Cortisol Awakening Response in Patients with Shoulder and Neck Pain or Fibromyalgia
Two musculoskeletal conditions—shoulder and neck pain (SNP) and fibromyalgia syndrome (FMS)—both have an unknown pathogenesis. They also both share some common features in regards to altered neuroendocrine responses, pain, and stress perception.
A difference between these musculoskeletal conditions is that SNP pain is localized, and FMS pain is more widespread (widespread pain is one of its hallmarks). However, localized musculoskeletal pain may be a precursor of more widespread musculoskeletal pain.
Therefore, researchers wanted to study the cortisol awakening response (CAR) in women with SNP and in women with FMS. They were investigating if SNP is related to a deviant regulation of the hypothalamic-pituitary-adrenal (HPA) axis.
They will publish their study in the February 2012 issue of Psychoneuroendocinology; it was published online July 18, 2011. The article is called “Comparison of the cortisol awakening response in women with shoulder and neck pain and women with fibromyalgia.”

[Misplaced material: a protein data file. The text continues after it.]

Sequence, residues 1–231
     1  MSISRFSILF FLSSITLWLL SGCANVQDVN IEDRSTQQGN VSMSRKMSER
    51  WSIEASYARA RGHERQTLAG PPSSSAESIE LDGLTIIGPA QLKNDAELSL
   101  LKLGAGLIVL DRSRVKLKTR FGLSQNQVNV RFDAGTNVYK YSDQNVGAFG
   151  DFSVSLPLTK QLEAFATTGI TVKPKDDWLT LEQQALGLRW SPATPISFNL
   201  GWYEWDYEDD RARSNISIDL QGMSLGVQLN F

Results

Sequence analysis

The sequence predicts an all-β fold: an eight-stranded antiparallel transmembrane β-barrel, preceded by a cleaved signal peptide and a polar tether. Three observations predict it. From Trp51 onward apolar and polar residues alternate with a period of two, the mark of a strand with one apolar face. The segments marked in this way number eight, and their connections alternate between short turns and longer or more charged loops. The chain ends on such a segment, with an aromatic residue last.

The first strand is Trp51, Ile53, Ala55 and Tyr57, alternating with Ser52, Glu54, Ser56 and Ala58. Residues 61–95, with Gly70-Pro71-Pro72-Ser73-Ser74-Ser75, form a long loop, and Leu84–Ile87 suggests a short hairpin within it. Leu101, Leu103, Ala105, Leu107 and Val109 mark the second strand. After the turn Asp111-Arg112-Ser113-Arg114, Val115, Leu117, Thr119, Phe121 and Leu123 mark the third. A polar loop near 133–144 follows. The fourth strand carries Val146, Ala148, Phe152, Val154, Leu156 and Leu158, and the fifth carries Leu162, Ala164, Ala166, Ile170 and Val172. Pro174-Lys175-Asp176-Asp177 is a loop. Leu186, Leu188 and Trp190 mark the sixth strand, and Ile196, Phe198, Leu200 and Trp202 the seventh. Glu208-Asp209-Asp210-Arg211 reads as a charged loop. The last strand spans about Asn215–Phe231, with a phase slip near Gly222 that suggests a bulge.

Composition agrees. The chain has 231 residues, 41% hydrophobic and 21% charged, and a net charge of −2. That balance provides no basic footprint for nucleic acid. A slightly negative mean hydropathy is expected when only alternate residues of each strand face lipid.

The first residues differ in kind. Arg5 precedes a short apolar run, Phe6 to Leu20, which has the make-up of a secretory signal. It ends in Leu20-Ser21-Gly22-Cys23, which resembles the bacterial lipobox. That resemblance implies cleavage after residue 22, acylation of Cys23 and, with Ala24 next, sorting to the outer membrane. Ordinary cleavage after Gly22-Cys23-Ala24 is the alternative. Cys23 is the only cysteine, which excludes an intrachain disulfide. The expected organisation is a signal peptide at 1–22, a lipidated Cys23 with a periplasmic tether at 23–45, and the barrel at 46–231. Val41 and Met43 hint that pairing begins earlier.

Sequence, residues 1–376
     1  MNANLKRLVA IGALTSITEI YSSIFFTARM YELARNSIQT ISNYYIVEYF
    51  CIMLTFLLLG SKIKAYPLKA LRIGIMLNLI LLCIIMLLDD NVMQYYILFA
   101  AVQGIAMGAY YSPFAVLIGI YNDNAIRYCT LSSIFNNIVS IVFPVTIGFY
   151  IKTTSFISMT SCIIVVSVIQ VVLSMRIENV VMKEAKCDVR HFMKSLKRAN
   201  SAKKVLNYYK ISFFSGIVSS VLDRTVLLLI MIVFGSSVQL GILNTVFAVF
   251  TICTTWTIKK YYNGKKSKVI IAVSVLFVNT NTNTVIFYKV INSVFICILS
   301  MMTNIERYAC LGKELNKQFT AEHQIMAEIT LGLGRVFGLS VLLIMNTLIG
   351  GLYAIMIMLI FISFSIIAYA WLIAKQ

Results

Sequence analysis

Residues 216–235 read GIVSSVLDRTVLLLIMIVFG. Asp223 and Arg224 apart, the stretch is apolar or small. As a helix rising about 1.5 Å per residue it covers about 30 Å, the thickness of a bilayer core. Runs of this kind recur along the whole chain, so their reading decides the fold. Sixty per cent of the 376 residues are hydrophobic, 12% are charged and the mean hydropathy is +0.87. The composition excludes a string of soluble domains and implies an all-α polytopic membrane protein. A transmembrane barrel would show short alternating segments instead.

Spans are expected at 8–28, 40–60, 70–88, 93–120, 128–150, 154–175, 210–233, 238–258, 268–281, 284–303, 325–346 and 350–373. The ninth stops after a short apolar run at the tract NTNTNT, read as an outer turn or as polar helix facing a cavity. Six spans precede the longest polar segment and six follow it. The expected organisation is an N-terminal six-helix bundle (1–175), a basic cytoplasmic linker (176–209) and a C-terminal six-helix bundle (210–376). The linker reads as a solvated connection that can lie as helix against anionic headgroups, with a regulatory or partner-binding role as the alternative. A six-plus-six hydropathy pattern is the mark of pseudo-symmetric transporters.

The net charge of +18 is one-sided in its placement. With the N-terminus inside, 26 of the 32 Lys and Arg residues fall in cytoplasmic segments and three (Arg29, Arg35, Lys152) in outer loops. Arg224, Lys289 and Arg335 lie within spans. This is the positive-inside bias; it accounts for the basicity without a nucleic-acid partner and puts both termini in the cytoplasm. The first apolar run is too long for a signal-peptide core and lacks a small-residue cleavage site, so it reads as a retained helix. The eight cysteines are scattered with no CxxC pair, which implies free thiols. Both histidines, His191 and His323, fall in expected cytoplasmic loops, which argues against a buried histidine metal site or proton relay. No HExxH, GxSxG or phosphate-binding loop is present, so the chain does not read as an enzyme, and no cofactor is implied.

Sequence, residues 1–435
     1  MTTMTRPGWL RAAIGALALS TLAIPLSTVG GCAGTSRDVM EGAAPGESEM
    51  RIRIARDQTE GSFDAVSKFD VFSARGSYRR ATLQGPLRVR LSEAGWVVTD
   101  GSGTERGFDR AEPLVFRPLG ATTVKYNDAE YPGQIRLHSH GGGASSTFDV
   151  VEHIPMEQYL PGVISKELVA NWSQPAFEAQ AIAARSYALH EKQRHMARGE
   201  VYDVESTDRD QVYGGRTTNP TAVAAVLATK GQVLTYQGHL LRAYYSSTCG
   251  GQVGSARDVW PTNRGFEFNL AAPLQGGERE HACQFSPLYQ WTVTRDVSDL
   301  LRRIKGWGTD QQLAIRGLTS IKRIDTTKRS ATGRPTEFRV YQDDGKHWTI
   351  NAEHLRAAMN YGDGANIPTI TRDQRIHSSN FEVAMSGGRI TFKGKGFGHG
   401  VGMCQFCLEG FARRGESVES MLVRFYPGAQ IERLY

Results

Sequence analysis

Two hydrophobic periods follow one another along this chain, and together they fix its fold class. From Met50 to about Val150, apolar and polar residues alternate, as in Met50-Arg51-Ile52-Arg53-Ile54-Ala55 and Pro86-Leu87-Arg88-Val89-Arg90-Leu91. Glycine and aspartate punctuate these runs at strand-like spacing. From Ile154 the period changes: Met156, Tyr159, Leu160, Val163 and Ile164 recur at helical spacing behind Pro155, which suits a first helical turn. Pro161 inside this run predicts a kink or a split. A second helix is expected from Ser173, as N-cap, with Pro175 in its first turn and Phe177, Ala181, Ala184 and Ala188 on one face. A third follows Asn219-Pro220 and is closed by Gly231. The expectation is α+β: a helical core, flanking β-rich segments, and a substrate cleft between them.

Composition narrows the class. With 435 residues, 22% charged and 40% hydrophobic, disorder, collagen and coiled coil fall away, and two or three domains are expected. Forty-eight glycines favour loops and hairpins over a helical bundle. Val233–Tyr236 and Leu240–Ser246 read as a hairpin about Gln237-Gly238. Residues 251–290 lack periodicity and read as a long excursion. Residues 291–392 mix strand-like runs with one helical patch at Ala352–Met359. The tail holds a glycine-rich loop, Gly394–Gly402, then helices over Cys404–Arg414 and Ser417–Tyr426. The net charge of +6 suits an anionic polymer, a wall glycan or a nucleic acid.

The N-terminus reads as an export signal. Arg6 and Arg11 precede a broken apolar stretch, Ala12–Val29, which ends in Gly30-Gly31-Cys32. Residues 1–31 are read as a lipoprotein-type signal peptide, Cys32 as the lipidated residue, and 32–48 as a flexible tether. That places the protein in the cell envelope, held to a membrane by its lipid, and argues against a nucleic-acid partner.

In the study, there were 18 women with SNP, 29 women with FMS, and 27 women who were the healthy controls (HC). The researchers collected cortisol samples just upon awakening; samples were then also collected at 30 min and 60 min later.
Participants answered questionnaires that measured pain levels, sleeping problems, perceived stress, and psychological characteristics.
The results shows that compared with HC, women with SNP had a tendency to have higher cortisol levels; women with FMS had lower cortisol levels. Adjusting for potential confounders did not influence the results.
It was seen that women with SNP or FMS spoke of more health complaints, pain, and perceived stress than the HC. Women with SNP were less affected than the women with FMS.
Also, those patients with SNP showed a tendency to have elevated HPA axis activity when compared with HC.
The researchers conclude that their findings may show that hypercortisolism in regional (localized) musculoskeletal pain could be an intermediate stage on the continuum of developing hypocortisolism in widespread musculoskeletal pain.